GoWoman Pilot Test Results Are In!
The results of the pilot testing phase of the GoWoman Program are now available. They were presented by Dr. Margaret Nosek and Dr. Susan Robinson-Whelen in October 2015 at the annual conference of the American Congress of Rehabilitation Medicine in Dallas. The poster is available for viewing.
A total of 24 women enrolled in the study. Of those, 13 participated in the GoWoman program and attended at least half of the 16 weekly sessions. The women had a wide variety of disabling health conditions, such as multiple sclerosis and spinal cord injury. Most were middle-aged (average = 50 years old) and had been living with their disability for many years (average = 22 years).
What Did We Measure?
Most importantly, we wanted to know if the women lost weight. To answer this question, we weighed the women before and after the 16 week program. We also measured their waist circumference before and after the program. Waist circumference is important because it gives us an estimate of abdominal fat – which is related to type 2 diabetes, hypertension, and other health conditions. These two measures were primary outcome measures.
Since weight loss depends on the balance between calories taken in and calories burned, we also asked the women about their eating patterns and their physical activity. We asked these questions before and after the program. The physical activity questionnaire was designed specifically for people with disabilities. The measure asked about a wide range of activities – not just exercise.
We also measured other things that can affect weight loss. These included support from friends and family, nutrition knowledge, and self-efficacy (or self-confidence) that they could eat healthy and exercise.
What Did We Find?
The 13 women who attended at least half of the GoWoman sessions in Second Life:
- Lost an average of 6 pounds or 3% of their body weight
- Lost an average of 1.4 inches in their waist
- Ate fewer calories (On average, they ate 243 fewer calories per day)
- Increased their physical activity
- Increased their confidence (self-efficacy) that they could control their eating behavior
- Increased their confidence (self-efficacy) that they could engage in healthy exercise
- Reported only small changes in social support from family and friends
- Did not show improved nutrition knowledge. Most already had high scores on our nutrition knowledge measure before the program.
What Did The Women Say About The GoWoman Program?
We asked the women what they thought of the GoWoman program, what they thought about Second Life, and whether the program helped them meet their goals. Here is what we found:
- All 13 women rated the program as either "excellent" or "good."
- All 13 said they made positive changes in their diet; 12 said these were “important” changes.
- All 13 said they made positive changes in their physical activity; 10 said they made “important” changes.
- 5 women met or exceeded their weight loss goal; 5 said they made “good progress” toward their goal.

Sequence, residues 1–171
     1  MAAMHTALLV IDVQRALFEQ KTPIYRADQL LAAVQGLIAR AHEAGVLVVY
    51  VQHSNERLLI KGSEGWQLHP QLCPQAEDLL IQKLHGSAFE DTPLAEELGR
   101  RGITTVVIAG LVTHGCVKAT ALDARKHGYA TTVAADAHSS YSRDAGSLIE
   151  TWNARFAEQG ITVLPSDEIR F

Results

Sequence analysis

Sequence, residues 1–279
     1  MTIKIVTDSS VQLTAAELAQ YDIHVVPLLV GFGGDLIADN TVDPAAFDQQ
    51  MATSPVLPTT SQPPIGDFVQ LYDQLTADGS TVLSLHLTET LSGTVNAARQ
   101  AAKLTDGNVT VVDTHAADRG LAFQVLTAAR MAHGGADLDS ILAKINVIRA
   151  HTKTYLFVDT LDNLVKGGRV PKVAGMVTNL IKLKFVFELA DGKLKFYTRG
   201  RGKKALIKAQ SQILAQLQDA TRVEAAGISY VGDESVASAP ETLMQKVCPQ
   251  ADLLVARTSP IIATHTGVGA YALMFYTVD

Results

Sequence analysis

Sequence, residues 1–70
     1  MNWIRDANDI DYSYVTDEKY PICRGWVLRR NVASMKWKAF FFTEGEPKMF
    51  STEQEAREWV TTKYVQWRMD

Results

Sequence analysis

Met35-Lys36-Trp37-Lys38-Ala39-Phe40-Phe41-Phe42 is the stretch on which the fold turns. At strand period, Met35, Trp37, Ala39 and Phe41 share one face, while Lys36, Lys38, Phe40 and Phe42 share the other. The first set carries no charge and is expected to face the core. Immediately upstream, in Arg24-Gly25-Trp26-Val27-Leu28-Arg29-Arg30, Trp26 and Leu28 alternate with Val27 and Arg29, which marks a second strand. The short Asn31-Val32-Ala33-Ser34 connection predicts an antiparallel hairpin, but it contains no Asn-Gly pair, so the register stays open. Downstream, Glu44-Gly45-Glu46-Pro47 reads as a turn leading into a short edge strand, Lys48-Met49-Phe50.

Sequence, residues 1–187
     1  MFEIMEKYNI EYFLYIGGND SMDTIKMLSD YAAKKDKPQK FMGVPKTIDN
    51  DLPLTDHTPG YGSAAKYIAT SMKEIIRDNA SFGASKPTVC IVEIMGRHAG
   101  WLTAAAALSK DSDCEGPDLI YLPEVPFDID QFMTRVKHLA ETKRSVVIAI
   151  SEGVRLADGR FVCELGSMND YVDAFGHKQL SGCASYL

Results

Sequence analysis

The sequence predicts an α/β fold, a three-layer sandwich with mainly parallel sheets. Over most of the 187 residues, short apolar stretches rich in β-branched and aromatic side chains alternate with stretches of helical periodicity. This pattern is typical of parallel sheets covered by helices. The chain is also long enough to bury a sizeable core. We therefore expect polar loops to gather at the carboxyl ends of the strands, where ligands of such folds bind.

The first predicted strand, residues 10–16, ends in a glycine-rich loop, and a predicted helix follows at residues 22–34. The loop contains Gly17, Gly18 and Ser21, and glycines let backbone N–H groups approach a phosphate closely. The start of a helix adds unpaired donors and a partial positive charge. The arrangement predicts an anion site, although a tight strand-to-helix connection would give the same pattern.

- All 13 felt supported by the group facilitators in Second Life; 11 felt “very supported.”
- 12 of the 13 women felt supported by their fellow group members in Second Life.
- Most women ranked Second Life as their 1st choice of program formats (from a list of 4 different format options). Face-to-face was the second highest ranked format.
Who Did The Program Help The Most?
We examined whether age and level of physical function affected how much weight people lost. We found that age had a small effect, with younger people losing a little more weight than older people. We also found that people with fewer physical limitations lost a little more weight than people with more limitations. However, far more important was how engaged they were in the GoWoman program. The women who were more active in the program (meaning they attended more sessions and more regularly recorded their diet and physical activity) lost more weight and more inches from their waist.
Where Do We Go From Here?
The results are promising. We were pleased that the women who participated in the program lost weight and showed improvements in other ways as well. We were also pleased that Second Life seems to be a useful way to offer group programs to women with mobility impairments. We look forward to testing more health promotion programs using Second Life.
This was a pilot study of only 13 women. The next step is to test the GoWoman program with a much larger sample of women with mobility impairments from various backgrounds. They will be randomly assigned to either a group that participates in the GoWoman program or a group that receives information by email. By comparing the amount of weight lost and other results for women in each group, we will be able to tell with more certainty if the GoWoman program is helpful.
Some improvements we will make in the GoWoman program are:
- Expand the program so it lasts more than 4 months. Participants will meet weekly for 16 weeks, then every other week, and finally once a month. This will help them keep up their progress without weekly support from the group.
- Follow participants longer after the program is over so we know how well they are able to keep the weight off. We would like to follow participants for at least a year after the GoWoman program has ended.
- Use better measures of body weight, body fat, and daily calories burned.
As we continue this research, we will gather information about what parts of the program are the most important for successful weight loss. We have applied for funding to expand our research on weight management and women with mobility impairments. Be sure to check back from time to time for updates on our progress.